Usability of EHRs remains a priority for ONC

HealthIT Buzz

Excerpts from HealthIT Buzz Blog post by Jacob Reider, MD / Acting National Coordinator for Health Information Technology

Early adopters of technology are well known to tolerate imperfections. Traditional market forces generally keep products that are difficult to use from succeeding, and as any user of an Apple Newton External Links Disclaimer remembers, the promise of an innovative solution isn’t always realized and will/should fail in the marketplace. Yet some have argued that the meaningful use incentive program altered market forces in a way that prevents well-intentioned products from failing as did Apple’s first “personal digital assistant.” Health IT is not the same as consumer electronics:

a) The user isn’t always the buyer. This causes usability to be a less significant component of buying decisions.

b) Multi-year contracts and technical “lock-in” cause portability to be a true challenge. One can’t just walk away from an EHR that’s not performing as expected. Buying an EHR is more like buying an airplane than a clock radio.

c) Legacy software in a high-risk environment will evolve slowly – for good reason. One can’t change workflow or user experience too quickly, as changes in the user interface can increase error rates even if the new design is better for new users. Errors can harm or kill people. Developers need to evolve user experience slowly and carefully. Usability won’t improve overnight.

d) Health IT systems are complex and require local configuration. Inadequate local resources can cause well-designed products to offer terrible user experiences. To the end-user, they have no way of knowing who is responsible – the IT department or the software developer? Was it Boeing or United Airlines who made these seats so uncomfortable?

Do “I know it when I see it?“ or is there something more complex about enhancing/defining/recognizing usability in Health IT? How does the usability of HIT products have an impact of the quality and efficiency of care delivery? How can we help make HIT products more usable? What is usability?

The (ISO) definition of usability, referenced in the 2009 HIMSS usability primer is a good start:

“Usability is the effectiveness, efficiency and satisfaction with which specific users can achieve a specific set of tasks in a particular environment. In essence, a system with good usability is easy to use and effective. It is intuitive, forgiving of mistakes and allows one to perform necessary tasks quickly, efficiently and with a minimum of mental effort. Tasks which can be performed by the software (such as data retrieval, organization, summary, cross‐checking, calculating, etc.) are done in the background, improving accuracy and freeing up the user’s cognitive resources for other tasks.”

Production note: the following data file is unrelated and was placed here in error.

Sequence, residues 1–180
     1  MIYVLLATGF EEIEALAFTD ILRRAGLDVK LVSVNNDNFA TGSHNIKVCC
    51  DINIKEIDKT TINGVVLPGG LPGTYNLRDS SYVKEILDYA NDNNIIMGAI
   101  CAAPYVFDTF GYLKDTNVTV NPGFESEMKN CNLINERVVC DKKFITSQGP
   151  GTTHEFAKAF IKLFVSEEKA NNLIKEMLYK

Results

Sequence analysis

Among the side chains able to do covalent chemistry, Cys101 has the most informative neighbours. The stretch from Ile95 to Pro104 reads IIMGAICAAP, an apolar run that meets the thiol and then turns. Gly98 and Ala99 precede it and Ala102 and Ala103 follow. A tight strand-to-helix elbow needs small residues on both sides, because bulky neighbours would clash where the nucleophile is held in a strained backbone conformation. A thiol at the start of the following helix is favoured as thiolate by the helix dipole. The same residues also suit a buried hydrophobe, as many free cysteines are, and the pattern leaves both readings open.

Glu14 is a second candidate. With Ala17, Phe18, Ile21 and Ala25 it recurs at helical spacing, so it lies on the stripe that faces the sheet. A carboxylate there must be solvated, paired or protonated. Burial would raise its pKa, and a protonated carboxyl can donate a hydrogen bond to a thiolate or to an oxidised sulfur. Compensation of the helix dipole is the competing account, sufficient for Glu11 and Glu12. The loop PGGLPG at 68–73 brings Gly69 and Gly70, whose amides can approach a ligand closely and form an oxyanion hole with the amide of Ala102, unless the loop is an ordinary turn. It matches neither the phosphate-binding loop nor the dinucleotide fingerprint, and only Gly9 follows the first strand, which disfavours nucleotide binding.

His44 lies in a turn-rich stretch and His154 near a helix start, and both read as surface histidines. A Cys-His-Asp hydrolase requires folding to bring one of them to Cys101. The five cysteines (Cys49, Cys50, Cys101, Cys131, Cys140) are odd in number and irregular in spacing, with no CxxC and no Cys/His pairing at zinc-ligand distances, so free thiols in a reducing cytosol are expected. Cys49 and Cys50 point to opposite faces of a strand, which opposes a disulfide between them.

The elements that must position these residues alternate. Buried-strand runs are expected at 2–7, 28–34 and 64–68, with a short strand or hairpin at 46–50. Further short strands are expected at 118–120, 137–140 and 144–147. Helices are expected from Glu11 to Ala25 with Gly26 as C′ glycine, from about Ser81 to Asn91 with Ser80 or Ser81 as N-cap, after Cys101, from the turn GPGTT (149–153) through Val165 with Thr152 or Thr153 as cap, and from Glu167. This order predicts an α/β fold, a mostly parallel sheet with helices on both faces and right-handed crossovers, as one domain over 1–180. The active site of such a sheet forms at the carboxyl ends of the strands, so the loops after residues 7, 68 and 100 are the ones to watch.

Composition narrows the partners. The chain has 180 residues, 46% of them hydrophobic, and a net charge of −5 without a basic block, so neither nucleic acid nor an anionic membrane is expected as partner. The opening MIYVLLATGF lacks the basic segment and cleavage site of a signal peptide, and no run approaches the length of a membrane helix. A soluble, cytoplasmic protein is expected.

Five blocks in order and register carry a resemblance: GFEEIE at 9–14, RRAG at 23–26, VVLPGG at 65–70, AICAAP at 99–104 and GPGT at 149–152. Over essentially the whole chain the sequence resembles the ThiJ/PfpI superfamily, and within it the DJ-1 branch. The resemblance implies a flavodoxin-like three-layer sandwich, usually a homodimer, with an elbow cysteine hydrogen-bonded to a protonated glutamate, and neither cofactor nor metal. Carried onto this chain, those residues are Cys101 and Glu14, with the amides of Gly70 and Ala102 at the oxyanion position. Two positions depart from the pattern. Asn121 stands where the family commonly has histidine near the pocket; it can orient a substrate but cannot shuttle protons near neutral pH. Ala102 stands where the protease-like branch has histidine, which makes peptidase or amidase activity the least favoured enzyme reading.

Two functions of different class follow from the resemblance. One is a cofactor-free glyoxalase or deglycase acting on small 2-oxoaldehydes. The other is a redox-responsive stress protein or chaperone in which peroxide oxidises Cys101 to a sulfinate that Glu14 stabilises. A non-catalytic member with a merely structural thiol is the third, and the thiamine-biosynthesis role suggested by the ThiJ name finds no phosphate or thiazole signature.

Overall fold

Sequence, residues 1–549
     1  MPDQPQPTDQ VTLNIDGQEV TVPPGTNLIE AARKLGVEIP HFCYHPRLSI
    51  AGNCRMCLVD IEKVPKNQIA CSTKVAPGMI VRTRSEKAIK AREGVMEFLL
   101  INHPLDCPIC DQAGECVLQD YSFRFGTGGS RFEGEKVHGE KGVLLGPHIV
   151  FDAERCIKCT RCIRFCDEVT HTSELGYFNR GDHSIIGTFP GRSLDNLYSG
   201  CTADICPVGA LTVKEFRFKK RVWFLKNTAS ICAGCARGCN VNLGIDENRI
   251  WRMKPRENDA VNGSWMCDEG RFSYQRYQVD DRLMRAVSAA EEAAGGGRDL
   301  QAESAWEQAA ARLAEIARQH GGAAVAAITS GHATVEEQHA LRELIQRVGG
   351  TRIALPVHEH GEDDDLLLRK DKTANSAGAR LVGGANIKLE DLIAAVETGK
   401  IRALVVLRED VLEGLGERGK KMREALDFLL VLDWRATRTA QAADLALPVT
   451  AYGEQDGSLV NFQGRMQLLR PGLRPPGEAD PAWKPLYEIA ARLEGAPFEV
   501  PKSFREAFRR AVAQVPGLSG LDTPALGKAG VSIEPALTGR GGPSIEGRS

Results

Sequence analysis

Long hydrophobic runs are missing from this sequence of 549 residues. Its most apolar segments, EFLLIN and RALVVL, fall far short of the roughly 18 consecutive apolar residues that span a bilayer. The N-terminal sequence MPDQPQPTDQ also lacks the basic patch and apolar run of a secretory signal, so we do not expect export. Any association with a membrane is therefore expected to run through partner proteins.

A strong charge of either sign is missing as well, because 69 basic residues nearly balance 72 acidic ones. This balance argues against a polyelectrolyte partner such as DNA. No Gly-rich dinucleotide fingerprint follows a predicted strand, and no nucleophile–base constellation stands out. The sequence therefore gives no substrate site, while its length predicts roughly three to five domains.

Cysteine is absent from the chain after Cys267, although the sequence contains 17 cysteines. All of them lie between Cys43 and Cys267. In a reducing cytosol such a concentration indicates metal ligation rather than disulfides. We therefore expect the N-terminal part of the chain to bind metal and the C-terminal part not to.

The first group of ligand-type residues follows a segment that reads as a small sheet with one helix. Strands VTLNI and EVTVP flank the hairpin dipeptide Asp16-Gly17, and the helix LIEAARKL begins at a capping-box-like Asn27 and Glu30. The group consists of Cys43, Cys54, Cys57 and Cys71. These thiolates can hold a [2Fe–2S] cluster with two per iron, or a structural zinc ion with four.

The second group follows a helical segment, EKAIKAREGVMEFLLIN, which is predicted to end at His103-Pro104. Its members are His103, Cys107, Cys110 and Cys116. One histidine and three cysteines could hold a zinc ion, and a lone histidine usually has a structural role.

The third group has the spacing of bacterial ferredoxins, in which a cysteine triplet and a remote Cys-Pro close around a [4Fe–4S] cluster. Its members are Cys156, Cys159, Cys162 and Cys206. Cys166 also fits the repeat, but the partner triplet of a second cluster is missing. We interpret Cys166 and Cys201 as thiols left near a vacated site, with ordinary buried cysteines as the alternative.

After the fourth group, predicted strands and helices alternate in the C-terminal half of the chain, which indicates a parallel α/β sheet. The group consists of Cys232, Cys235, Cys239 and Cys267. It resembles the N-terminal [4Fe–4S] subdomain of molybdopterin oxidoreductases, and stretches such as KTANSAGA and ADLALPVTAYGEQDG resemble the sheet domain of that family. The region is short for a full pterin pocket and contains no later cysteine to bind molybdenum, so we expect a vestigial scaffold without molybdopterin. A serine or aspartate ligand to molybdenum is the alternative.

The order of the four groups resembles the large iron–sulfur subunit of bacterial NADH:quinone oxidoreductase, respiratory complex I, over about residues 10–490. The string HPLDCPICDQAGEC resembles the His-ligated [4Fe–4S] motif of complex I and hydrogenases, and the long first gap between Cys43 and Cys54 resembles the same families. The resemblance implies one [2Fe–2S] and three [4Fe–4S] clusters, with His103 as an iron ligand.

We know that no software is perfect, and therefore no EHR is perfect. Like the airplane cockpit, the EHR is a complex instrument, to be used by highly trained professionals to perform complex tasks. Any errors in execution of these tasks could be deadly.


Working with our partners at NIST, we have hosted three annual conferences on usability over the course of the past three years, where we gathered industry experts, health IT developers, provider and patient advocates, and representatives of other federal agencies to learn from each other and provide guidance to the ONC. Artifacts from these meetings are available.

ONC’s HIT Policy Committee has hosted two hearings on EHR usability.

ONC commissioned the IOM’s report on Health IT and Patient Safety, which includes several recommendations for how health IT usability is an important part of safer care delivery.

ONC’s 2014 Standard and Certification Criteria include two requirements in the domain of quality management, and usability and safety.

ONC has funded the work at UT Houston under the SHARP C project to develop:

Tools External Links Disclaimer for usability evaluation
Guidance for HIT developers as they begin to incorporate usability into their development lifecycle for how health IT developers might make complex tasks like medication reconciliation easier and more accurate.

What’s next?

Enlightened providers like family physician Jeff Belden and “passionate design expert” Stephen Anderson help us think critically about how we develop health IT systems, and question assumptions about the best path forward. As Steve Jobs once said, “it’s not the customer’s job [to figure out how to best design a system].” Belden reminds us that we need to carefully consider the clinician’s native workflow in the optimal design of an EHR process. Anderson’s complex model reminds us that usability is just a milestone along the continuum from functional to meaningful design.

We are working hard to both understand these issues and define an appropriate balance for the government’s role in helping evolve health IT toward better efficiency and safety through enhanced usability. What do you think?

See the full article at

The Usability People work with you on improving the Usability of Healthcare IT.

The Usability People
Together we may save a life! #SafeHealthIT